This silent move made me question everything I’ve been taught about growing my creative muscle — the importance of pushing through and fighting the resistance.

However, Christoph’s discipline got me thinking about how important it also is to have the confidence to say to yourself every day when the clock makes noise — “Today I’ve done enough.”

Is what you are working on today going to be better or worse tomorrow?

Having the courage to know the answer to this question is tomorrow is the silent confidence that separates the true creatives from those who constantly doubt their abilities.

Do you want to know what spurs my best ideas? My wife. My kids. My friends. Good conversation. Green grass. Tall trees. A run. A book. Life.

Yet every evening when my energy is running down, and what I am working on will be better tomorrow — my wife still has to call my name three times before I finally sit down to eat a cold dinner that was once warm.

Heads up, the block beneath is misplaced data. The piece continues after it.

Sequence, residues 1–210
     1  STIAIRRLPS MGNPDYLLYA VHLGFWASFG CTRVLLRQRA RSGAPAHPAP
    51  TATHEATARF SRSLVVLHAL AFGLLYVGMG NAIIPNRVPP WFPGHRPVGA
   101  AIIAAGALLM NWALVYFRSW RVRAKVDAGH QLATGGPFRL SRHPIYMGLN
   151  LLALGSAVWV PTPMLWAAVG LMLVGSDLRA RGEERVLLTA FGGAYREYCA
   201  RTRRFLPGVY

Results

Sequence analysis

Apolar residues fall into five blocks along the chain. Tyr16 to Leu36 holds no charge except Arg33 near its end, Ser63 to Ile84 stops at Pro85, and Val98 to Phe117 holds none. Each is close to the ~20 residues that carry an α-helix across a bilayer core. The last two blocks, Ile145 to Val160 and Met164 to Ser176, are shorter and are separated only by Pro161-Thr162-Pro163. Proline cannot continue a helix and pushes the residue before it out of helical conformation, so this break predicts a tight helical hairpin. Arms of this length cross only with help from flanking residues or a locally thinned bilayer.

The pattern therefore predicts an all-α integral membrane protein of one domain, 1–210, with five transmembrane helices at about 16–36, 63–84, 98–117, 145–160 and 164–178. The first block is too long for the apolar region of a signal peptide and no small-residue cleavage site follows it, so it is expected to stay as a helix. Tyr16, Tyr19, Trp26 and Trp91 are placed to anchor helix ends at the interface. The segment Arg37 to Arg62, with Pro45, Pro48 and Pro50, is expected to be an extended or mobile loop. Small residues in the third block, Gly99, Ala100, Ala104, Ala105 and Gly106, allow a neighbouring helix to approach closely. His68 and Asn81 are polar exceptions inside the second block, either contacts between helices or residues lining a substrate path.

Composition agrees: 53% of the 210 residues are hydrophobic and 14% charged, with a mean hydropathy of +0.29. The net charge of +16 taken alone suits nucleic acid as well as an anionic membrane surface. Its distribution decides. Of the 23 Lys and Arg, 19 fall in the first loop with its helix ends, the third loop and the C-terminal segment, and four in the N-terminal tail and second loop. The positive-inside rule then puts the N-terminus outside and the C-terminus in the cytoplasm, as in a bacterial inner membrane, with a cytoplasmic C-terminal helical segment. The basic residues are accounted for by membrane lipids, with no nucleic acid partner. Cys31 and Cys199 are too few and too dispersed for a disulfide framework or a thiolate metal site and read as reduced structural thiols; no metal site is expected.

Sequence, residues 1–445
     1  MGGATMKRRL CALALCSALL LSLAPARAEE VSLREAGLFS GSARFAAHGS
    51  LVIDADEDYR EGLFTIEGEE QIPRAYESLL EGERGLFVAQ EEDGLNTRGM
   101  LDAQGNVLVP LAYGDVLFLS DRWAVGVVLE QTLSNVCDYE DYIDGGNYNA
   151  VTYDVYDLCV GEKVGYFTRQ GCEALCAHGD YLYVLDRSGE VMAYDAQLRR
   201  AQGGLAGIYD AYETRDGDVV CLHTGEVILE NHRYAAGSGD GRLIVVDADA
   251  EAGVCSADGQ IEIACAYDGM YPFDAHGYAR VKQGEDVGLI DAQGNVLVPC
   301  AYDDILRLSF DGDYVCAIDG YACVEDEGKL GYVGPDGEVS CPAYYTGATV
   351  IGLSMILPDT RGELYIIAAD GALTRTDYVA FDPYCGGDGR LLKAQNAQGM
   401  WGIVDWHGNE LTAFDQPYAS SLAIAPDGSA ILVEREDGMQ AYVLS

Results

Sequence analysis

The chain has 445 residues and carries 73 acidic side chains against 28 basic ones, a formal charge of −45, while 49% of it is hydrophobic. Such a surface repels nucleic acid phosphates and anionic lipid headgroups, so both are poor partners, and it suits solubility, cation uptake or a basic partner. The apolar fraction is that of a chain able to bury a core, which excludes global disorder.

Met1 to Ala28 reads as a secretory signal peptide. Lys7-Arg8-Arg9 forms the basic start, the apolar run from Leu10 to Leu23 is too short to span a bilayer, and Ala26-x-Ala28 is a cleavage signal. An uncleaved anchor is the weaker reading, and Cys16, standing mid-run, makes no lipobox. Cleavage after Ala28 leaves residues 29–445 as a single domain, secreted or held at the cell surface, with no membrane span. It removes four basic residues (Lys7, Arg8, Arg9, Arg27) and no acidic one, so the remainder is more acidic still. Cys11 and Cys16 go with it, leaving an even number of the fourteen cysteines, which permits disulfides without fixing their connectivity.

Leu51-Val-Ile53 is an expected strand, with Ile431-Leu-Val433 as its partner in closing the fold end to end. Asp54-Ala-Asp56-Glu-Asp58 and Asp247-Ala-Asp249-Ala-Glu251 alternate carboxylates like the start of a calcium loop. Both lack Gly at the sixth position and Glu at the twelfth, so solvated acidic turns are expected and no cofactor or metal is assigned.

Christoph’s actions taught me that the best creatives don’t only ask themselves — “What have I learned that’s going to make this perfect?”

They also ask themselves, “What have I not learned yet?”

Then they allow life to slowly reveal to them the answers.

Over the last year, I’ve pushed through to find what I was looking for. I wrote in order to find what I was trying to say. And I’m glad that I did — constant creating has led to some of my best creations.

However, what I was lacking, and what I think separates the best from the rest, was a balance.